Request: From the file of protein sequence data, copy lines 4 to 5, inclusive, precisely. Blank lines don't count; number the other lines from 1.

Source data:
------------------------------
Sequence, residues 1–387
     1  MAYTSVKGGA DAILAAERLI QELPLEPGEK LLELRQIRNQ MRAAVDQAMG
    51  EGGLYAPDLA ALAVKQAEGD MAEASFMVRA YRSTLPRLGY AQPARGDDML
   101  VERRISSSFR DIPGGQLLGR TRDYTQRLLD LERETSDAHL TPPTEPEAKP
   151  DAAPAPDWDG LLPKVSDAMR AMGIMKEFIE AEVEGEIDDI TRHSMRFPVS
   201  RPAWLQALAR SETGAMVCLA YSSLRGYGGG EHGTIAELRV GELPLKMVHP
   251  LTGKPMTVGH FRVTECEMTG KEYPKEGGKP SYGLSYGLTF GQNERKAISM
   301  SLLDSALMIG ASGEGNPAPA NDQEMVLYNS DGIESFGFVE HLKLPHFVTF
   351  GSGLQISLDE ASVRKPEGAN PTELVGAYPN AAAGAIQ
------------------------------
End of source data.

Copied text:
   101  VERRISSSFR DIPGGQLLGR TRDYTQRLLD LERETSDAHL TPPTEPEAKP
   151  DAAPAPDWDG LLPKVSDAMR AMGIMKEFIE AEVEGEIDDI TRHSMRFPVS